Russian President Vladimir Putin said on Wednesday that a pledge by the Organization of the Petroleum Exporting Countries and other producers, including Russia, to cut oil output to boost prices could be extended to the end of 2018, instead of expiring in March 2018.

The statement came ahead of a visit by Saudi Arabia’s King Salman to Moscow.

“Putin and Salman will most likely reach, but not announce, an agreement to extend the OPEC/non-OPEC production deal, though with a commitment to taper the cuts,” said consultancy Eurasia Group.

The pact on cutting output by about 1.8 million barrels per day (bpd) took effect in January this year.

Despite this, other factors weighed on oil prices, including the return to production of Libya’s Sharara oilfield after an armed brigade forced a two-day shutdown.

Higher U.S. oil exports also dampened market sentiment.

Crude oil inventories down 6.02 million barrels

Crude oil inventories down 6.02 million barrels  

U.S. crude oil exports jumped to 1.98 million bpd last week, surpassing the 1.5 million bpd record set the previous week, the Energy Information Administration said.

The increase has been triggered by the wide discount in U.S. crude prices against Brent, making U.S. oil attractive on world markets.

Beyond short-term market drivers, analysts at Barclays bank said future oil demand could be undermined by improving fuel-efficiency and the rise of electric vehicles (EV).

“EV uptake and increased fleet fuel-efficiency could cut oil demand by around 3.5 million bpd in 2025,” the bank said. That is almost as much as major OPEC member Iran produces.

If the uptake of EVs rose to one-third of new cars by 2040, as many industry analysts expect, up from just 1 percent now, that could “affect oil demand by around 9 million bpd”, Barclays said.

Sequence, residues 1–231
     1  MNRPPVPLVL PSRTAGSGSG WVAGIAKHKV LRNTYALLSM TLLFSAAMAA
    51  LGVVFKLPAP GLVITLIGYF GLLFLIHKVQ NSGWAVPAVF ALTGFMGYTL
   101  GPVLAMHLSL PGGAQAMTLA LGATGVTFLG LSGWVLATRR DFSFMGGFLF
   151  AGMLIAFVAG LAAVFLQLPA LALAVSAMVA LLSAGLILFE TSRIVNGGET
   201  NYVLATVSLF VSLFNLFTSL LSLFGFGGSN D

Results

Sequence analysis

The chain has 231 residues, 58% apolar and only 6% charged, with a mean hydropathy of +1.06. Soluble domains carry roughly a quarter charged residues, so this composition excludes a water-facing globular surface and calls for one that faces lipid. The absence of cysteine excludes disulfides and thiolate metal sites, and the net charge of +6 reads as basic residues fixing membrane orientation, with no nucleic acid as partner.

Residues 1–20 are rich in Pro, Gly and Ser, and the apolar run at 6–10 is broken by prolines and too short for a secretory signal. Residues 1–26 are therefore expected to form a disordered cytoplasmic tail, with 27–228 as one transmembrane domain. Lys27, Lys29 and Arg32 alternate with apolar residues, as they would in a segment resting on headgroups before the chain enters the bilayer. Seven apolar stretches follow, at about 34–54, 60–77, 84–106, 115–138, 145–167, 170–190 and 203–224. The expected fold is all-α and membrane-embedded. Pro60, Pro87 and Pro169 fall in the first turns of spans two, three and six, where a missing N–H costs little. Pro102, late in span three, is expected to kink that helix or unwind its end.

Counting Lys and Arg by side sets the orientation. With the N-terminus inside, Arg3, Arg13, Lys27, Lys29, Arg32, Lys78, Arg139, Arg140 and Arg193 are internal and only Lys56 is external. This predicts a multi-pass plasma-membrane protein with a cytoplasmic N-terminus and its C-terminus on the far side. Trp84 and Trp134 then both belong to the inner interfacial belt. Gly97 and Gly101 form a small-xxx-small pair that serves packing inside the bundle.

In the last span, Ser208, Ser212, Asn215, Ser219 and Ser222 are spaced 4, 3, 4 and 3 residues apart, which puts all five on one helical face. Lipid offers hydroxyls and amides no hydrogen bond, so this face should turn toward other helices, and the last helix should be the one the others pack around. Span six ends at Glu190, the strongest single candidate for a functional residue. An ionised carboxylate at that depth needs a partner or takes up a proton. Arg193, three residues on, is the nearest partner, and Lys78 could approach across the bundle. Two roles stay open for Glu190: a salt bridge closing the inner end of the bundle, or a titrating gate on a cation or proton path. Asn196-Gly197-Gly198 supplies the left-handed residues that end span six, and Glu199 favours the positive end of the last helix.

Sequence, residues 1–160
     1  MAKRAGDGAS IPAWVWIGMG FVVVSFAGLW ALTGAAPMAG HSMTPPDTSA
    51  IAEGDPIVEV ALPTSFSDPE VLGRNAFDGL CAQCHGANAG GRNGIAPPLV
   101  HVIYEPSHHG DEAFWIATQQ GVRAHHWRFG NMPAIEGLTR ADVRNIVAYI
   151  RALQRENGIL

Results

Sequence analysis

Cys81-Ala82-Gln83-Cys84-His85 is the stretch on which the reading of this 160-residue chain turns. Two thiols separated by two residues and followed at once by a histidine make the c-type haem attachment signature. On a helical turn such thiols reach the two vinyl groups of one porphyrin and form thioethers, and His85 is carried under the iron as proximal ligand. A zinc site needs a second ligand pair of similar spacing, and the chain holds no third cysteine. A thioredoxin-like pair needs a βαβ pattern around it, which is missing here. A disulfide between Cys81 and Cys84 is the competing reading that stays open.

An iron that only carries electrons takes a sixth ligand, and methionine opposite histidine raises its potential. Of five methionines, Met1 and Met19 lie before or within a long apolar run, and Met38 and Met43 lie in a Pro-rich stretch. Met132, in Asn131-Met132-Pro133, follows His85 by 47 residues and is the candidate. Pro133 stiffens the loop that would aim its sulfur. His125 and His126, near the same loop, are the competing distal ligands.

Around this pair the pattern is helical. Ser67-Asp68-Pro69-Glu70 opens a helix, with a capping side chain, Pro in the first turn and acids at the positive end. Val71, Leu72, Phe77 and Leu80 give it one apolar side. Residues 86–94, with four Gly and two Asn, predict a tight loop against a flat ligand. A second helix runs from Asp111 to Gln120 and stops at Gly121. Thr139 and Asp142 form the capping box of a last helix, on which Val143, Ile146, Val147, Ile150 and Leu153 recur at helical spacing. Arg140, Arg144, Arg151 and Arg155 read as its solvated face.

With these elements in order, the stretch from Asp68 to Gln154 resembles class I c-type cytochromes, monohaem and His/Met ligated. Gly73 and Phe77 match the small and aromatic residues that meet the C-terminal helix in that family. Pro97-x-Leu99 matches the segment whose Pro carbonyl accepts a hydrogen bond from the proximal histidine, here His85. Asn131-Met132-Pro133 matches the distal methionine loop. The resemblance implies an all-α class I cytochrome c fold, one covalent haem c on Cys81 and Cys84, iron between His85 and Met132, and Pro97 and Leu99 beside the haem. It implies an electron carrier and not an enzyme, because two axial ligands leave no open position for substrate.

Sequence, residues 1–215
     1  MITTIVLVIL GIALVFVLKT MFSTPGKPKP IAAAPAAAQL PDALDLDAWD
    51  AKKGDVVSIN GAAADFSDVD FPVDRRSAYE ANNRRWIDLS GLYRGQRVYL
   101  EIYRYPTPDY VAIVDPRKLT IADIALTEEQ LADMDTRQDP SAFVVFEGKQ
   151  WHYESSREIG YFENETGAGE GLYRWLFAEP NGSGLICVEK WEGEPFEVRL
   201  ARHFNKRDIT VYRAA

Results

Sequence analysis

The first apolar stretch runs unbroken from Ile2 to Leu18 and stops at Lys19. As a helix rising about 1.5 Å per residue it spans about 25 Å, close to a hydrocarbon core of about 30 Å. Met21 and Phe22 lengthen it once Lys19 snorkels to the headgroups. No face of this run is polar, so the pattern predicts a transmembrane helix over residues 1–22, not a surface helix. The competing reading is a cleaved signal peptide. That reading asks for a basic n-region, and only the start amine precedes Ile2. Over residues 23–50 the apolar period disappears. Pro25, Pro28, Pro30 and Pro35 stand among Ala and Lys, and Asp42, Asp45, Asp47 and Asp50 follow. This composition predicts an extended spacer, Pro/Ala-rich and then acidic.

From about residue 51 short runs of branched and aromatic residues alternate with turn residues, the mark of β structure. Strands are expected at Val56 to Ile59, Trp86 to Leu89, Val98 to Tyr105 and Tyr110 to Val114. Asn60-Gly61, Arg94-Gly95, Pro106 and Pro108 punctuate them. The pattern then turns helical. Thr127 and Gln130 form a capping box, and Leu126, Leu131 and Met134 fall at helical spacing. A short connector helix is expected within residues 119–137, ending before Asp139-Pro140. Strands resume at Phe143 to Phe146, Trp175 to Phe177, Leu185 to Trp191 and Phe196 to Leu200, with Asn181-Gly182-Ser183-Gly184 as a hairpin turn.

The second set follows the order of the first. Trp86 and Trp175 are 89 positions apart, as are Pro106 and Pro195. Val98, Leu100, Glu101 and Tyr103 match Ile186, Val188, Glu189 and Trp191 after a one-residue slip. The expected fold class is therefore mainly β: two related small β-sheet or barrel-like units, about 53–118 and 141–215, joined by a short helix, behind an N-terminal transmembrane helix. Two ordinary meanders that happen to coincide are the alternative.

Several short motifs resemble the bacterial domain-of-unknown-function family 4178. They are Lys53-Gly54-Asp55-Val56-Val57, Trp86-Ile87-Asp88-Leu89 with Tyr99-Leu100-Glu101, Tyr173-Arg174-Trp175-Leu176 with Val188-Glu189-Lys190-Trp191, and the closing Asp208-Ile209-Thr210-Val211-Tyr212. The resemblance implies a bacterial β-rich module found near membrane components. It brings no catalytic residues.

‘The new OPEC bromance’

How Saudi Arabia and Russia are bonding over oil

  • A $1 billion fund will see Russia and Saudi Arabia strengthen their cooperation in oil, gas, electricity and renewable energy
  • It signifies an increasingly close strategic partnership between the two oil-rich states
  • King Salman will make the first ever state visit to Russia by a Saudi monarch

Khalid Bin Abdulaziz Al-Falih, Saudi Arabia's energy minister and president of OPEC, speaks as Alexander Novak, Russia's energy minister, left, listens during a news conference following the 172nd Organization of Petroleum Exporting Countries (OPEC) meeting in Vienna, Austria, on Thursday, May 25, 2017.

Akos Stiller | Bloomberg | Getty Images
Khalid Bin Abdulaziz Al-Falih, Saudi Arabia’s energy minister and president of OPEC, speaks as Alexander Novak, Russia’s energy minister, left, listens during a news conference following the 172nd Organization of Petroleum Exporting Countries (OPEC) meeting in Vienna, Austria, on Thursday, May 25, 2017.

The world’s biggest oil producers, Russia and Saudi Arabia, have announced a $1 billion fund to invest in energy projects — marking another chapter in the blossoming economic and political partnership between the two countries.

The latest deal will see Russia and Saudi Arabia strengthen their cooperation in oil, gas, electricity and renewable energy, Russian Energy Minister Alexander Novak told Al Arabiya television Monday, Reuters reported.

It signifies an increasingly close strategic partnership between the two oil-rich states.